Wednesday, September 14, 2011

Kitchen Thermometers

Hey Folks,

For everyone who has sought after a medium-rare steak, perfect fish, or moist pork, nothing is more important than a good kitchen thermometer. Unfortunately, most of us don't know what constitutes a "good" thermometer! Because of this, I wanted to dedicate a post to going through some commonly used instruments, and the havoc they can wreak on your dinner.

First, let's look at the old fashioned dial thermometer. This has a metal coil inside that is supposed to expand at a specific rate as the temperature increases. This in turn moves the temperature dial and gives you a reading. Unfortunately, these are so inaccurate that you're probably better off without them, and if you do use them and wait for the dial to stop moving, your delicious dry-aged NY strip will be well done by the time you were waiting for a medium rare reading!

The second option in kitchen thermometers looks much like this dial one, but there is a digital readout on the end instead. This too is not a very accurate device, as the temperature reading node is actually located some distance away from the tip of the spike, not actually at the spike. This means if you want to take the temperature reading in the center of a steak, you actually have to push the tip up to a quarter of an inch past the center just to get the sensitive area at the desired spot. Not a big deal, right? Well, these can take up to 20 or 30 seconds to get an accurate reading, to which anyone who has ever taken a temperature reading and seen the digital numbers slowly climb upward can attest. On top of that, they're also not very accurate. Why even buy one?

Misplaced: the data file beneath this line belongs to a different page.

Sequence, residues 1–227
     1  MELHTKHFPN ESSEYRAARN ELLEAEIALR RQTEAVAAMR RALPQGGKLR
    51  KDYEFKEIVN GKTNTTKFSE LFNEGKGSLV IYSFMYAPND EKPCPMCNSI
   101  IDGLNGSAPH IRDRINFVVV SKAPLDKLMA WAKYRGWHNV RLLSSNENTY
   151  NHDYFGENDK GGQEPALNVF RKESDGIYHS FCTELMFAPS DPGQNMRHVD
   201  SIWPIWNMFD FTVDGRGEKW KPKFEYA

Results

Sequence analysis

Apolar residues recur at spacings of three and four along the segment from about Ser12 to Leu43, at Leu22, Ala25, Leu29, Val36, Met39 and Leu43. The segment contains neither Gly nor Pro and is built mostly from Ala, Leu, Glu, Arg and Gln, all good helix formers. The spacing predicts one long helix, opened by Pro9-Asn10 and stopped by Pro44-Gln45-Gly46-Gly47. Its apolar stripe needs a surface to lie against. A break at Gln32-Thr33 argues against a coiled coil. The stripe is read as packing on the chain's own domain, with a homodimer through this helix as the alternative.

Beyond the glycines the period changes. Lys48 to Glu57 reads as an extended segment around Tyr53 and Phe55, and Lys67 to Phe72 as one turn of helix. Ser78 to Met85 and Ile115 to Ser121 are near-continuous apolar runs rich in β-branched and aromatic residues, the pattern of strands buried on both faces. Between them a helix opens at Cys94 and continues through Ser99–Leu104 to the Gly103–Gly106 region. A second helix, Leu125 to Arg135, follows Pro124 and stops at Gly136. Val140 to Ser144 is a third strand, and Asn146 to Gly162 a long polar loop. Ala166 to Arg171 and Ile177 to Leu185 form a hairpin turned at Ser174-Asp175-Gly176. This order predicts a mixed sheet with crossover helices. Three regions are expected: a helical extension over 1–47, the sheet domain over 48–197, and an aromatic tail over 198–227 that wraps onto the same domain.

The last thermometer is what everyone should use, if they don't mind spending the money. It's a thermometer that uses a thermocouple, which is two wires wired down to the very end of the tip, and the temperature is read through a voltage created between the two wires.

My Thermapen- Bright red so that I can easily find it again 
once I set it down. 
I am a fan of the Thermapen by ThermoWorks. It is splash proof, individually inspected and calibrated to 0.1 of a degree at both 32 degrees and 212 degrees Fahrenheit, and will take readings in under 2 or 3 seconds (this is the manufacturers claim, but I've watched mine read in real time over and over). The probe safely tucks away into the handle, and when swung out the device automatically turns on. With my Thermapen, I've inserted it into the middle of a steak, and actually watched the readout decrease by tenths of a degree until I reached the exact center of the steak, then increase again as I pushed past the center. With that information, I can backtrack the probe back to the center, and take the steak off at preciously the right temperature that will give me a medium rare center after 4-5 minutes of resting under an aluminum foil tent. Yum. I'll take my steak with a red wine reduction please :)

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